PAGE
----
Gamers were gathering Thursday for the start of the Tokyo Game Show, an annual extravaganza that this year will give punters their first real taste of the PlayStation 4 and the Xbox One.
Developers from more than 350 companies in 33 countries were vying to showcase their latest offerings, with special areas in the vast Makuhari Messe convention centre set aside for romance simulation games, cloud gaming and the booming smartphone and tablet game sector.
Around 200,000 people were expected at the event, which runs until Sunday just outside the Japanese capital, with many relishing the chance to get their hands on the new consoles from Sony and Microsoft.
The home-grown PlayStation 4 hits shelves in North America in November, in time for the holiday shopping season, but will not be available to Japanese buyers until February.
Sony announced the roll-out earlier this month, seven years after PlayStation 3 debuted. It will be the first time the company's home market will not take the lead.
Company bosses said Japanese developers had been slower to exploit the potential of the new console and Sony wanted to wait until the software was ready before unleashing their latest offering.
For the original PlayStation, 18.6 % of global sales were in Japan. Its successor, the PlayStation 2, tallied 14.7 % of sales at home, while the PS3 racked up 11.9 %, according to data from VGChartz Network.
North America, by comparison, accounted for about one-third of all PlayStation sales.
The new PlayStation will sell for just under 40,000 yen ($400) in Japan, about the same as in the United States.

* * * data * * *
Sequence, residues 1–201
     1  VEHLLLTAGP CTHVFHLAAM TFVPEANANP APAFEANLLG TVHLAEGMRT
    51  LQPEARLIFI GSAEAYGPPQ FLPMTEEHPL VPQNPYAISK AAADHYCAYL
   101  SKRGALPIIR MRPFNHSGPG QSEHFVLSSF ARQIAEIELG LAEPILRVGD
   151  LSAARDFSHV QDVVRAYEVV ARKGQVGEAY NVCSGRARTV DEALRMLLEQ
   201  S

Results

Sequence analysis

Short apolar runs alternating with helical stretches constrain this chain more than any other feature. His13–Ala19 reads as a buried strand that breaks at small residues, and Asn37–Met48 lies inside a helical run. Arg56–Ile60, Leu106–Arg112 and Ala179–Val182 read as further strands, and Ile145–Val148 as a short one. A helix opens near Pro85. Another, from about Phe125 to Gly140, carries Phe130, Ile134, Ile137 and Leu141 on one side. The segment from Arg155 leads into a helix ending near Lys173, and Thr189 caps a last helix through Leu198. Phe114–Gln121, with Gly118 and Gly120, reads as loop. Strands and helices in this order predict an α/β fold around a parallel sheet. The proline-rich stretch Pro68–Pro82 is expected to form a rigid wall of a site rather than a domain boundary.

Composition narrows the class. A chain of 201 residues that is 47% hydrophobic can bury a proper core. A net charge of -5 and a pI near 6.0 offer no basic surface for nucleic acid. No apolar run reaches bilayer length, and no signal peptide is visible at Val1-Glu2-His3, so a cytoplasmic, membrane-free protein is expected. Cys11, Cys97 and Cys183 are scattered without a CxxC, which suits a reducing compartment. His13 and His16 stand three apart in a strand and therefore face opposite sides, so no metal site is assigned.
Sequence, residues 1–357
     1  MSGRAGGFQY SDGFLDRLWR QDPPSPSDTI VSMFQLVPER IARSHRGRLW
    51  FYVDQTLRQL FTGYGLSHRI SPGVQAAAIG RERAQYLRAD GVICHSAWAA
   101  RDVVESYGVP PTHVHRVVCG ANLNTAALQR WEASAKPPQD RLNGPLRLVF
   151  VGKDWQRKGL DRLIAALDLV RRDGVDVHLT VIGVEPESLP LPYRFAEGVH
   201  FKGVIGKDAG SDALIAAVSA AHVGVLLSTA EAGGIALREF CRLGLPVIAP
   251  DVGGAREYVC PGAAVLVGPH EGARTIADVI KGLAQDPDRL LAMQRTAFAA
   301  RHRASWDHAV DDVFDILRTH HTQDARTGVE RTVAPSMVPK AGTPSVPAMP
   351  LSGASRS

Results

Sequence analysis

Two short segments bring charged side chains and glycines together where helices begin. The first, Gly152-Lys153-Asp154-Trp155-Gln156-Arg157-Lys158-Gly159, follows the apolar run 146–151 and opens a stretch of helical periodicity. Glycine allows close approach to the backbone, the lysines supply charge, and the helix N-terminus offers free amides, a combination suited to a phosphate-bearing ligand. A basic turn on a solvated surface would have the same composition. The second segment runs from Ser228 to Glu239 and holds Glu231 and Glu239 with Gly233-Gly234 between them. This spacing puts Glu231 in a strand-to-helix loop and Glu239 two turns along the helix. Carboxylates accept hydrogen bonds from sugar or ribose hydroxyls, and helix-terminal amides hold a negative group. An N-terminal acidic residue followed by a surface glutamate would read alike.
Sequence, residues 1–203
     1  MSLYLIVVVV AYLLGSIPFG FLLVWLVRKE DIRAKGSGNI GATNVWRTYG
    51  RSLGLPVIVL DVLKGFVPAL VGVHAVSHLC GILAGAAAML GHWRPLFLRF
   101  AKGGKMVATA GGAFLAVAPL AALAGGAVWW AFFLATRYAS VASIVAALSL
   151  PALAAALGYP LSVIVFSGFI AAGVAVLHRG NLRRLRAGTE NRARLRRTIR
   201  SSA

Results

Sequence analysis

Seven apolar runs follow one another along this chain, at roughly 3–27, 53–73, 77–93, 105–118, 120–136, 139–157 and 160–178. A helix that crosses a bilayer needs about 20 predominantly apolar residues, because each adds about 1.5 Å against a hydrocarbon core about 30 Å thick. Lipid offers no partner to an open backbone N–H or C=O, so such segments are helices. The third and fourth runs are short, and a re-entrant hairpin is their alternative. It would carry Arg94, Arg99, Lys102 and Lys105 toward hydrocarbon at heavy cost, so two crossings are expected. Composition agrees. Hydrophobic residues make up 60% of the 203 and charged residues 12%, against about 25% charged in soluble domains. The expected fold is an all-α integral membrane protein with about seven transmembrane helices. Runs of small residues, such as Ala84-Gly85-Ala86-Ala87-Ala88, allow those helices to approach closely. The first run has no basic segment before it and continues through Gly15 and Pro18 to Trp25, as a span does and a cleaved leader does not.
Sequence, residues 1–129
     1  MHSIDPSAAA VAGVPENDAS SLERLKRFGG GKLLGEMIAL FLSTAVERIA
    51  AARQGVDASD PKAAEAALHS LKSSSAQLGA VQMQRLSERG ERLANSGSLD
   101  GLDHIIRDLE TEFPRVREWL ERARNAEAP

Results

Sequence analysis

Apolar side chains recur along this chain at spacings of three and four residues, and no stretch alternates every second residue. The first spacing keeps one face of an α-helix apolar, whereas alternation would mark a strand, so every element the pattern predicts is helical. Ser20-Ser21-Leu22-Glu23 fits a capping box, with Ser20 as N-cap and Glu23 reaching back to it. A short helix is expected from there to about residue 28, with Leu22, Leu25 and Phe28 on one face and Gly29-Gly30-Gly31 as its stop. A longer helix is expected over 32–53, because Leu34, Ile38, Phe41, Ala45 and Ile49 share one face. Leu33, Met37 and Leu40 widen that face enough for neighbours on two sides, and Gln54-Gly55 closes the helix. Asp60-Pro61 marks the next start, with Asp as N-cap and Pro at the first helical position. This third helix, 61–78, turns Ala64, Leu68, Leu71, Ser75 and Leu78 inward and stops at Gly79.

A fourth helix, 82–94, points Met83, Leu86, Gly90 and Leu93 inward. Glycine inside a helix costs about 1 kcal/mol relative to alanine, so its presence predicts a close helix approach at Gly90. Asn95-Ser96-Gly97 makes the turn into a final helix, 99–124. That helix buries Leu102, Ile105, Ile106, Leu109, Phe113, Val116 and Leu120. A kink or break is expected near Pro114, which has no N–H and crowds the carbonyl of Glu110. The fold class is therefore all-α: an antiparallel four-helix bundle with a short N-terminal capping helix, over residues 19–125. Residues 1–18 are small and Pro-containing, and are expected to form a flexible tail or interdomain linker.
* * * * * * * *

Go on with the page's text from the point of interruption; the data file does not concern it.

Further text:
The rival Xbox One, meanwhile, will be rolled out in 13 countries, including the US, Britain and Australia, on November 22. No date has been set for its release in Japan, although it will reportedly not be before 2014.
Experts say that while a hardcore of gamers will likely never forsake them, consoles have found their market share squeezed by the spread of smartphone and tablet gaming.
Free-to-play offerings on those platforms tempt casual users not willing to shell out $50-plus for a title on a dedicated machine.
Andrew House, president and group CEO of Sony Computer Entertainment, told convention-goers in fluent Japanese Thursday that the PlayStation 4 had been developed to make it competitive in the new world of gaming.
"For game consoles to be at the centre of the home they need to have high quality content which all family members, from children to adults, can enjoy," he said.
"Also important is to offer the experience of social networking... we have really pushed the status of games to that of films and TV.
"In our next generation PS4, we have added new functions and services," he said, including networking with other game players through smartphones and tablets.
The Tokyo Game Show is open to media and industry professionals on Thursday and Friday. General admission begins Saturday.